Shadow Government

A front-row seat to the Republicans' debate over foreign policy, including their critique of the Biden administration.

When the public listens to the generals

The Center for New American Security (CNAS) has published a new report that I did with Jim Golby and Kyle Dropp on the influence of military opinion on public opinion when it comes to the use of force. This is the second installment in a larger project — last fall CNAS published another Golby-Dropp-Feaver product ...

Alex Wong/Getty Images
Alex Wong/Getty Images

The Center for New American Security (CNAS) has published a new report that I did with Jim Golby and Kyle Dropp on the influence of military opinion on public opinion when it comes to the use of force.

This is the second installment in a larger project -- last fall CNAS published another Golby-Dropp-Feaver product looking at the influence of military opinion on public opinion when it comes to choosing presidents. (I blogged about that one too.)

The basic intuition undergirding the project is the recognition that the military has a distinctive role in American politics. On the one hand, by tradition, norms, and law, military institutions are supposed to be apolitical -- not involved in partisan politics and fulfilling an advisory role in the policymaking process. On the other hand, by virtue of the prominence of military tools in American foreign policy, the military's greater professional expertise, and the enormous trust the public has in the military (especially in comparison with civilian political institutions), the military may in fact play a larger role than theoreticians of normative civil-military relations would like to see.

The Center for New American Security (CNAS) has published a new report that I did with Jim Golby and Kyle Dropp on the influence of military opinion on public opinion when it comes to the use of force.

This is the second installment in a larger project — last fall CNAS published another Golby-Dropp-Feaver product looking at the influence of military opinion on public opinion when it comes to choosing presidents. (I blogged about that one too.)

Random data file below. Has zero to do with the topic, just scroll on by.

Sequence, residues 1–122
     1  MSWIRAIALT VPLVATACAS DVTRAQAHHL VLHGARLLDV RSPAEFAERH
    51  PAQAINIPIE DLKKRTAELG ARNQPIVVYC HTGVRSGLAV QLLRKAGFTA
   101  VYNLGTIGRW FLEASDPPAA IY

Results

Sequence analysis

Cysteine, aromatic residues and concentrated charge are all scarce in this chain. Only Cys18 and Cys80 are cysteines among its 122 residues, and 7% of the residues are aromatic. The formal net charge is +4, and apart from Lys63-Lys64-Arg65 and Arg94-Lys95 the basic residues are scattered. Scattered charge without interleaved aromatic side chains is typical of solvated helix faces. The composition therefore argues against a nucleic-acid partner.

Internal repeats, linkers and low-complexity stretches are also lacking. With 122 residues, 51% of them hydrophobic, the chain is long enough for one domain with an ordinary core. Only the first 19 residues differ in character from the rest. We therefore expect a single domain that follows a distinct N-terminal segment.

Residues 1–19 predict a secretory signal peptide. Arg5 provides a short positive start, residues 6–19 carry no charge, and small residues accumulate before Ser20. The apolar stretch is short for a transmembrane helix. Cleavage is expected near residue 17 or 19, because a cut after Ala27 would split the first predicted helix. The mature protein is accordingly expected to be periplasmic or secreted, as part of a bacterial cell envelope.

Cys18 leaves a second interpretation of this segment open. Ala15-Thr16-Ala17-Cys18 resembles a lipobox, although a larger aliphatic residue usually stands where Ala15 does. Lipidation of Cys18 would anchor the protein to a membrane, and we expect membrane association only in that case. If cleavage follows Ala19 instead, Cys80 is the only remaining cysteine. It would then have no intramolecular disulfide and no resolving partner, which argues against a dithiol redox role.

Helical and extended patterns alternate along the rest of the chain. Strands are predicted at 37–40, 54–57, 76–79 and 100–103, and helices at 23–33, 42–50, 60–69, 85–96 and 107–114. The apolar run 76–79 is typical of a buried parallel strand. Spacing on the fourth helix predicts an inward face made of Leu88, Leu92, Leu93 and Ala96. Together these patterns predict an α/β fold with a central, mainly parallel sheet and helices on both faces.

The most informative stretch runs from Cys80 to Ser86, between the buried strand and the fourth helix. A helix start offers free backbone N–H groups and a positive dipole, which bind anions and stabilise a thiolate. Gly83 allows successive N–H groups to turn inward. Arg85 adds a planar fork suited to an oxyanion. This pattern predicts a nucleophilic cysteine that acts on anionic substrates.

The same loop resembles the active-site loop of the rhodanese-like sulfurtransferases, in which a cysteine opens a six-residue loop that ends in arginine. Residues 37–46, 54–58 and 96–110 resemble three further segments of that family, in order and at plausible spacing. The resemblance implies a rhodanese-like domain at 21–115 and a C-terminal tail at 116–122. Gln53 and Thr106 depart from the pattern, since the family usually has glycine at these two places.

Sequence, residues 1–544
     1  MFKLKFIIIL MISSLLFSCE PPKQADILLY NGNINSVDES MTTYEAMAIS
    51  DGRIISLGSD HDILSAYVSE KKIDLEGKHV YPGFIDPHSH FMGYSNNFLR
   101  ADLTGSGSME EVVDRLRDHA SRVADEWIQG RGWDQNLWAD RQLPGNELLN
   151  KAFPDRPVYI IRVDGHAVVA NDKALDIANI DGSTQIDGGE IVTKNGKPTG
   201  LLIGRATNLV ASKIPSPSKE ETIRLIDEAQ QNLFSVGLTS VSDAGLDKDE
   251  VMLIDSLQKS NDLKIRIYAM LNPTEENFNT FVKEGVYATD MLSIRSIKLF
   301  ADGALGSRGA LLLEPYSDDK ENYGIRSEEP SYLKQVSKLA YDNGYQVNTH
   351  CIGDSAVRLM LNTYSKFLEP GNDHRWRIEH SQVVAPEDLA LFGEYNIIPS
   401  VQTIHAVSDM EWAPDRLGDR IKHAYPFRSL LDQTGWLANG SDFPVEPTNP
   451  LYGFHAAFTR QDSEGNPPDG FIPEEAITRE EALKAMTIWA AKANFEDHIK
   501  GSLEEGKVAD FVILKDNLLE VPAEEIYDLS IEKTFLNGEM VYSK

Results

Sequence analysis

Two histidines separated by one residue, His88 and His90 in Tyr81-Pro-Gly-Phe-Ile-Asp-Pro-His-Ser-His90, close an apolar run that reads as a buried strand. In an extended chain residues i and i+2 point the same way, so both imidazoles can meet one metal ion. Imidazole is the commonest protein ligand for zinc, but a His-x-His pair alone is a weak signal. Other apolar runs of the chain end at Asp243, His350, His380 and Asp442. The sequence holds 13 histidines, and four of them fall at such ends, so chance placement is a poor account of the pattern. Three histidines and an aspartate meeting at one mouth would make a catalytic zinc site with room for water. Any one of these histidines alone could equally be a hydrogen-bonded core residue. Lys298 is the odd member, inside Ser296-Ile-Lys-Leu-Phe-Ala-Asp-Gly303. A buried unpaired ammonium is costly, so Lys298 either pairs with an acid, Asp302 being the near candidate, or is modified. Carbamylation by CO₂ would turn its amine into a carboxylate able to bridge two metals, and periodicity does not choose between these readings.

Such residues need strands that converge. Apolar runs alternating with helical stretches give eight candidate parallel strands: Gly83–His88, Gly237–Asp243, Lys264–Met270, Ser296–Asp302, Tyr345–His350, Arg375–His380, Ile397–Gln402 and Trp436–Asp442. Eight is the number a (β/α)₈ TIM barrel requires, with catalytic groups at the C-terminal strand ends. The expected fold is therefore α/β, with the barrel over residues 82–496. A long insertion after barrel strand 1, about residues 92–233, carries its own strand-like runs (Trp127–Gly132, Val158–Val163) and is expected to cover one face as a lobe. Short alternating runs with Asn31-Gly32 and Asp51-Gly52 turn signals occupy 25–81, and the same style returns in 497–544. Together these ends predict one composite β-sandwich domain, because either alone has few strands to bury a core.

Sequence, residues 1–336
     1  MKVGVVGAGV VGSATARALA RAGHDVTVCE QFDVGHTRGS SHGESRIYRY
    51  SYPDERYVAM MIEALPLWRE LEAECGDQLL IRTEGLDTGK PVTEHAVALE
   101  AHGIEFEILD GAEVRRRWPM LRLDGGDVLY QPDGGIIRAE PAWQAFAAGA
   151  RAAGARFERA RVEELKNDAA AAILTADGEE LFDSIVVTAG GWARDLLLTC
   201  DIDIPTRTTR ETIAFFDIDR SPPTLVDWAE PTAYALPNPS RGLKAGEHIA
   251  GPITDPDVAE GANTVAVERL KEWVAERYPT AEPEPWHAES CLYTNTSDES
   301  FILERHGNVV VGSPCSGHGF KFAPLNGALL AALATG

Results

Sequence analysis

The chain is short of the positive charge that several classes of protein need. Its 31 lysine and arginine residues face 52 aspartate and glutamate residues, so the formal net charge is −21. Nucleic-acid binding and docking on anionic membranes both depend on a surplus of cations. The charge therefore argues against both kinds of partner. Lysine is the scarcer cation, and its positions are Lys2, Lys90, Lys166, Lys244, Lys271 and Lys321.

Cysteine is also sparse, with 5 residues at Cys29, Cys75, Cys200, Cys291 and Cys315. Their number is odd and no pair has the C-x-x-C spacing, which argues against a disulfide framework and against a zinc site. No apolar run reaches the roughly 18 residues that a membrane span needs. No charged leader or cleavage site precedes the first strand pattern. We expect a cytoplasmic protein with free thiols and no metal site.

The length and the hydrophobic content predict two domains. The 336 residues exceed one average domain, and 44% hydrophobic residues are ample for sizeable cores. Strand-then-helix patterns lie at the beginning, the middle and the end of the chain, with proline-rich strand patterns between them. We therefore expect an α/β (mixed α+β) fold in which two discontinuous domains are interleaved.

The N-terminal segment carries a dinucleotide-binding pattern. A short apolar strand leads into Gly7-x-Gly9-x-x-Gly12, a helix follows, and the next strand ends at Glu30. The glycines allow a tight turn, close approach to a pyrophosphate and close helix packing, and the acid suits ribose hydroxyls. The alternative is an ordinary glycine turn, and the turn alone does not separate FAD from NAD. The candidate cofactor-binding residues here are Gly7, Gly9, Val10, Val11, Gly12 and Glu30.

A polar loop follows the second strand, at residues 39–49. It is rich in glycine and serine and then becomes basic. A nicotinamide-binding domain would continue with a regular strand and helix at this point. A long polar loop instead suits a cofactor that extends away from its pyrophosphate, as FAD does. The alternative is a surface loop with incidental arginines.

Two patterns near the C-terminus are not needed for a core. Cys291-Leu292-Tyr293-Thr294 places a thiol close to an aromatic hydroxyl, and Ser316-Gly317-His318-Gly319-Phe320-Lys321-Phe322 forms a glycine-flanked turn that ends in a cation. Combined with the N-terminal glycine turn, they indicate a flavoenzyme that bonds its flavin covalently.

The basic intuition undergirding the project is the recognition that the military has a distinctive role in American politics. On the one hand, by tradition, norms, and law, military institutions are supposed to be apolitical — not involved in partisan politics and fulfilling an advisory role in the policymaking process. On the other hand, by virtue of the prominence of military tools in American foreign policy, the military’s greater professional expertise, and the enormous trust the public has in the military (especially in comparison with civilian political institutions), the military may in fact play a larger role than theoreticians of normative civil-military relations would like to see.

Our approach is empirical. We are trying to answer what is the effect, which is a necessary part of any normative evaluation of what ought to be the effect or role. So far as we have been able to determine, there is not a lot of good systematic data available on these questions beyond the ones we collected for this project. Our data are pretty extensive: YouGov administered the survey via the Internet and conducted interviews with 5,500 Americans between May 31, 2012, and July 28, 2012. The 5,500 interviews in our database are a sample matched on gender, age, race, education, party identification, ideology, and political interest to be representative of the general population, as determined by the 2007 American Community Survey. But we don’t pretend this report offers the final word on the subject.

Our bottom line: 

The results of our recent national survey show that military opposition reduces public support for the use of force abroad by 7 percentage points, whereas military support increases overall public support by 3 percentage points. These military cues are most influential among Republican respondents. Furthermore, military influence on public opinion is greatest when it opposes (rather than supports) interventions abroad.

Read it and tell me what you think we got right or wrong.

Peter D. Feaver is a professor of political science and public policy at Duke University, where he directs the Program in American Grand Strategy.

More from Foreign Policy

The Taliban delegation leaves the hotel after meeting with representatives of Russia, China, the United States, Pakistan, Afghanistan, and Qatar in Moscow on March 19.

China and the Taliban Begin Their Romance

Beijing has its eyes set on using Afghanistan as a strategic corridor once U.S. troops are out of the way.

An Afghan security member pours gasoline over a pile of seized drugs and alcoholic drinks

The Taliban Are Breaking Bad

Meth is even more profitable than heroin—and is turbocharging the insurgency.

Sviatlana Tsikhanouskaya addresses the U.N. Security Council from her office in Vilnius, Lithuania, on Sept. 4, 2020.

Belarus’s Unlikely New Leader

Sviatlana Tsikhanouskaya didn’t set out to challenge a brutal dictatorship.

Taliban spokesperson Zabihullah Mujahid

What the Taliban Takeover Means for India

Kabul’s swift collapse leaves New Delhi with significant security concerns.